Brits beat the French in war of the winds

The British Isles experienced a moderate boost in windy conditions in 2011, according to the Met Office's new index.

Released in a bid to address the concerns raised by the wind industry on the low wind levels experienced throughout Europe in the last few years, the Wind Review's wind index (link) shows that the windiest locations in 2011 were Iceland, the Baltic and Denmark.

The British Isles saw a slight increase in wind by 3% in 2011 compared to the long term average, whereas France experienced a decrease of 5%.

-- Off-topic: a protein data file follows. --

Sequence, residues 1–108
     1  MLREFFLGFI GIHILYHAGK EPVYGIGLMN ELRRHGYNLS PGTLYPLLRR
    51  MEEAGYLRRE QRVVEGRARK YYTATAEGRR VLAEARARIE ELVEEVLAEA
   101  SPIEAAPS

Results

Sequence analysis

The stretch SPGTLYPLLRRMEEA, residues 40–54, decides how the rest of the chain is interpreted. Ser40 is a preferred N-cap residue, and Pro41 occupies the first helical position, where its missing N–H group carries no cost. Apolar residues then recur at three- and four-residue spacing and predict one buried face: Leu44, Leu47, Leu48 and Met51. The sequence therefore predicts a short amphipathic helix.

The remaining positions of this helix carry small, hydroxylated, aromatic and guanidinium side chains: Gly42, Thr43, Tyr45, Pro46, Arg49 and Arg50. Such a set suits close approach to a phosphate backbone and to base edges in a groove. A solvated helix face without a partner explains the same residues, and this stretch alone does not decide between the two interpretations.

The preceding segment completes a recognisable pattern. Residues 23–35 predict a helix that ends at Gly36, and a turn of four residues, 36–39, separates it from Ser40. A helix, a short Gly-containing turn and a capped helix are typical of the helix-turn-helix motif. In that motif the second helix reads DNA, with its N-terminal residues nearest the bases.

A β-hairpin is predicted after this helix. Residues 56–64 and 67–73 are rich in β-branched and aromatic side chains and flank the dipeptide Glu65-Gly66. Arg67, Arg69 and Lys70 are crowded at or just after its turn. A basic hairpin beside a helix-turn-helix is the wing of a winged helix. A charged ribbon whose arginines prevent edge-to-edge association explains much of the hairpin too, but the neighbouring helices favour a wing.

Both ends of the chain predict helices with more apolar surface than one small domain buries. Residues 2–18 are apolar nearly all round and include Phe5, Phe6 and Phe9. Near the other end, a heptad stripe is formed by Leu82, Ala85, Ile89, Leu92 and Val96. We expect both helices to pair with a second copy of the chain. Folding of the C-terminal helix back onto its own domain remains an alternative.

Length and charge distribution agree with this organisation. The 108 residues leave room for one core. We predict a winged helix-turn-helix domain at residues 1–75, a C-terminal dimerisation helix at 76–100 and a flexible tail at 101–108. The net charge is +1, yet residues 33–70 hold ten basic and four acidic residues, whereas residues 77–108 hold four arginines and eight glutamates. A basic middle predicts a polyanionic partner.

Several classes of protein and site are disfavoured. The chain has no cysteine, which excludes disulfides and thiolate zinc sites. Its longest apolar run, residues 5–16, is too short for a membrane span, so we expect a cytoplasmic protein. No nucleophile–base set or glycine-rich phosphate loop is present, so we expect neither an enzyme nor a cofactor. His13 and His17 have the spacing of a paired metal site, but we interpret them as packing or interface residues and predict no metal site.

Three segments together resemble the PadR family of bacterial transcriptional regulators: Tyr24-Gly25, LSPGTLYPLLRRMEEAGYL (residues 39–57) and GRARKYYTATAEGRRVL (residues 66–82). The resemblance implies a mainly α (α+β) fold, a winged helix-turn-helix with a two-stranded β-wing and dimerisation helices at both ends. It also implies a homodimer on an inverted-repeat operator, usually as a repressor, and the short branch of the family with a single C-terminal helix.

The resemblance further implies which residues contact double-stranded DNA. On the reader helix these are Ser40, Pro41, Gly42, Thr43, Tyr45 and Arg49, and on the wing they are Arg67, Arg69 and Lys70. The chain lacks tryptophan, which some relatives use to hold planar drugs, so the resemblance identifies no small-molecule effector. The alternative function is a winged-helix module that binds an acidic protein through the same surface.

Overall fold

Last year, the EU wind energy sector installed 11.6 gigawatts of capacity, representing 26% of all new European power capacity installed in 2012. This brings Europe's total wind power capacity to 105.6 gigawatts, meeting 7% of Europe's electricity demand, which was an increase of 0.7% from 2011.

The Met Office believes that it is critical to the calculation of a site's long-term power yield projection that periods of sustained lower and higher wind are taken into account.

As well as the wind index, the Met Office has also detailed five site specific graphs that show the average wind speeds for certain sites, located within the wind index regions.

The graphs, produced using the Met Office's site specific wind analysis tool, Virtual Met Mast, compare the monthly average wind speeds during 2012 against the long-term average.

Conor McGlone


| war | wind energy


Energy efficiency & low-carbon
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